and preferably both,'of the bearing races and the rolling
torque charts. FIGURE 3 is for an alloy of 15% molyb
denum-85% iron, and indicates an unsatisfactory high
temperature bearing material because the torque charac
bearing elements such as balls, rollers etc., are made of a
material consisting essentially of 5 to 20% “cobalt, 5 to
20% molybdenum and the balance substantially all iron.
teristics are very unstable. FIGURE 4'is a torque chart
The cages may or may not be made of the same material,
for an alloy of 10% molybdenum and 90% iron, and
and within the ranges indicated the best material consists 10 ‘while the roughness is better it still is not quite satisfac
essentially of '15 % cobalt, 15 % molybdenum and 70%
tory. FIGURE 5 is a torque chart for an alloy contain
ing 10% cobalt, 10% molybdenum and 80% iron and
indicates a satisfactory torque characteristic; it being ap
parent that cobalt is essential to smooth torque char
11011.
An outstanding new use has been discussed for the
above alloy. It comprises the process of using the ma
terial in one or more parts of a rolling contact bearing, 15 acteristics.
such as a ball bearing, roller bearing, needle hearing or
While maximum bene?ts of the use of the alloy as a
the like. Preferably all par-ts except possibly the cage
rolling contact bearing are achieved when all of the hear
should be made of the ‘alloy, and the cage may be made
ing parts (or all but the cage) are made of the alloy, tests
of the other materials if desired although for most appli
indicate that substantial improvements are made if only
cations the cage may also bene?cially be made of the 20 the races, or only the rolling elements are made of the
alloy. The material may be used at high temperatures
alloy, the other parts being made of SAE 52100, nitrided
‘without added lubricant, but in this circumstance the ma
steel, cast iron or high speed (tool) steels. Thus it is
terial should be in an oxidizing atmosphere to cause the
within the scope of the present invention to use rolling
formation of a lubricating compound.
contact hearings in a high temperature, oxidizing atmos
Extended tests have shown that the alloy is outstand 25 phere wherein only one, or both, races are made of the
ing for its intended purpose‘ at temperatures up to 1200°
above listed materials and the rolling contact elements
"F. and the slope of its Wear-rate and coe?icient of friction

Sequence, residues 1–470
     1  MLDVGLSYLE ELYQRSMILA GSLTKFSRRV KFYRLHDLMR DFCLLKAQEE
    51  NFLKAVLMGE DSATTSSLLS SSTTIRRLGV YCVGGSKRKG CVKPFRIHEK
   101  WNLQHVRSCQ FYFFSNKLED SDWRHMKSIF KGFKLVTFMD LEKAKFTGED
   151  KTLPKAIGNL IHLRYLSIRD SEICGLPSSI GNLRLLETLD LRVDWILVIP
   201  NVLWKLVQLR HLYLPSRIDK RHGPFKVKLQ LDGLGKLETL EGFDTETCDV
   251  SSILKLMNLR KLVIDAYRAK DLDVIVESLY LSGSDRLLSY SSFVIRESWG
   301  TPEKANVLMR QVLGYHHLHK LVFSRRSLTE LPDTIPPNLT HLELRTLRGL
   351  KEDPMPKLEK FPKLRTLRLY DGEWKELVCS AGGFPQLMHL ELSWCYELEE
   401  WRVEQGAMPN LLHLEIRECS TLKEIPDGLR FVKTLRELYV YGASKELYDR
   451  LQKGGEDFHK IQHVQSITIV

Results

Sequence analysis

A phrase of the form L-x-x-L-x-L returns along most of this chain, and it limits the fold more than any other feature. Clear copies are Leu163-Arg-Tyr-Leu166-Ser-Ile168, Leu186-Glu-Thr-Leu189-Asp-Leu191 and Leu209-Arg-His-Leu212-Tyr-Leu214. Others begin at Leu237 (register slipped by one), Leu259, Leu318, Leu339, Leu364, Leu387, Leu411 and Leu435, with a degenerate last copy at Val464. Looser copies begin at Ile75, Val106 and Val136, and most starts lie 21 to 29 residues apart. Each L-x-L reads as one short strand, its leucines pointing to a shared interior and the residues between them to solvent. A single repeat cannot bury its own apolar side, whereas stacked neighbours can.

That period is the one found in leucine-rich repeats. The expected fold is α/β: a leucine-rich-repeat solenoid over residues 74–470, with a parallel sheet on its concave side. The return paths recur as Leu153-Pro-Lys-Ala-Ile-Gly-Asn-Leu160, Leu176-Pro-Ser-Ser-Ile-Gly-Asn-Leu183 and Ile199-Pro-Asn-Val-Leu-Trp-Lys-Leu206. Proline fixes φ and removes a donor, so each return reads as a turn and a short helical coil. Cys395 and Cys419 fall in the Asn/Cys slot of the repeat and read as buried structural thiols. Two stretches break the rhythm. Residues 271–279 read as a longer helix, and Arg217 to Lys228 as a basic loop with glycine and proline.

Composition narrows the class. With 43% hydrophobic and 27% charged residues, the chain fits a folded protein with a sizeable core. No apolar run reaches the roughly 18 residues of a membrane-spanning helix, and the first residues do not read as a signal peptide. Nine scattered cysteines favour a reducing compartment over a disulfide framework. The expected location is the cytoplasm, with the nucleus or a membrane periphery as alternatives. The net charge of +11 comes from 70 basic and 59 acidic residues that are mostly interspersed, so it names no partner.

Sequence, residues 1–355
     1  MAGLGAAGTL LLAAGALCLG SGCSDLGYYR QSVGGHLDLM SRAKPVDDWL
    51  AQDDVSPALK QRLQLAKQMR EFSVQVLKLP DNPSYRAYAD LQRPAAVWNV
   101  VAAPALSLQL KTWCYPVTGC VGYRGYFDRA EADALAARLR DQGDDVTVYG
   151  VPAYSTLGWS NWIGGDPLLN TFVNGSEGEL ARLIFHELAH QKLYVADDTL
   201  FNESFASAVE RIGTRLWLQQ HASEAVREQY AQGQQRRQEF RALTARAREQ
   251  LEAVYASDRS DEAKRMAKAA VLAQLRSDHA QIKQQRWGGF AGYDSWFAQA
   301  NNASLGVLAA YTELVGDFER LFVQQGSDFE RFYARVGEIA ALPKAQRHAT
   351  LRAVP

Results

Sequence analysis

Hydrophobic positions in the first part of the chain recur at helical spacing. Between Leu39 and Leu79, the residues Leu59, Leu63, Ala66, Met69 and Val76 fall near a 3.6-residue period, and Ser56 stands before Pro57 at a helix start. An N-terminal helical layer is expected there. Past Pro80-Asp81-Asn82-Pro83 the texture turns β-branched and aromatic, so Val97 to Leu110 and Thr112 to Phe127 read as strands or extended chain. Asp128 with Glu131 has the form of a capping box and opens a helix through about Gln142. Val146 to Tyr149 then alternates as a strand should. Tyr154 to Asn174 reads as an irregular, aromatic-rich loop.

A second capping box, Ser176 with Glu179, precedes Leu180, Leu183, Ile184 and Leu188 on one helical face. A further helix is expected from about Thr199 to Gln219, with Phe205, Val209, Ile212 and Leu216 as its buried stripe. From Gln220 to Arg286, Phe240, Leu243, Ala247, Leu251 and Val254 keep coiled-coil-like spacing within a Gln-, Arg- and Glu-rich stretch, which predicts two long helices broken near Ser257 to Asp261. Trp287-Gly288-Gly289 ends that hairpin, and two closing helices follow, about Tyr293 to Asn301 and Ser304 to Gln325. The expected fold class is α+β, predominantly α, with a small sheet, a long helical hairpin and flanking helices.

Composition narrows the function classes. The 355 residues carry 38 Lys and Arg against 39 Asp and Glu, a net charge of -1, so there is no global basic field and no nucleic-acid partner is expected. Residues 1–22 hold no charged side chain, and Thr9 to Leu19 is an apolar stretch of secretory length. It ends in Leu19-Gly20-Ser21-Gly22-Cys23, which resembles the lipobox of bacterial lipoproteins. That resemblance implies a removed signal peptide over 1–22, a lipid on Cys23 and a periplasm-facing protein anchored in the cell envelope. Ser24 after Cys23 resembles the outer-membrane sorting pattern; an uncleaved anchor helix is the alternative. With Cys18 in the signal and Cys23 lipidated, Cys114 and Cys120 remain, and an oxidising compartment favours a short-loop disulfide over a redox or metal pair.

(balls, rollers, etc.) are made of the cobalt, molybdenum
curves‘ at 1200° F. indicate that the material will continue
iron alloy. It is likewise within the scope of the inven
_'to be outstanding at even higher temperatures, perhaps
tion to use rolling contact bearingsv in a high temperature
30 oxidizing atmosphere wherein one or both of the races
even up to 1700" F.
7 The coe?icient of linear expansion of the material for
various temperatures is as follows:
Temp. (F):
rolling contact elements are made from the above listed or
‘other usual rolling contact bearing materials.
In./in./° F.
75-300 _________________________ __ 4.5 X10-6
300-600
are made of the cobalt—molybdenum-iron alloy and the
While the present invention achieves its maximum use
' fulness in the use of a composition of matter as a rolling
______ _.; ________________ __ 4.95 ><10—6
contact hearing such as a ball bearing, roller bearing,
needle bearing or the like, there is another use which'in
its broadest aspect may be termed a rolling contact hear
ing, but which not all persons will immediately recognize
600—_900 ________________________ __ 5.50><10-6
900-4200
_______________________ __ 580x10"6
1200-1500 ______________________ __ 6.85 ><10~6
75'—1500
______ _; ________________ __
5.60><10—6
40 ‘as such, and that is as a gear material. A gear meshes with
another gear primarily with a rolling load transfer rela
For comparison the coefficient of linear expansion of
tionship, with deformation of both engaging‘ gear teeth,
‘cast iron from 32 to 932° F. is 7X10“6 indicating that the
similar to a rolling contact ‘bearing. Also, a gear meshes
‘bearings made from the alloy can be used with cast iron
parts Without suffering from a radically different coeffi 45 with another gear with a limited but de?nite amount of
slippage between the engaging-teeth, and again this action
cient of thermal expansion.
is quite similar to the action which takes place in a roll
The density of the material is about 8 g./cc., and its
ing contact bearing, particularlylin 'a ball hearing.
,' hardness on the‘ Rockwell A scale in the unhardened con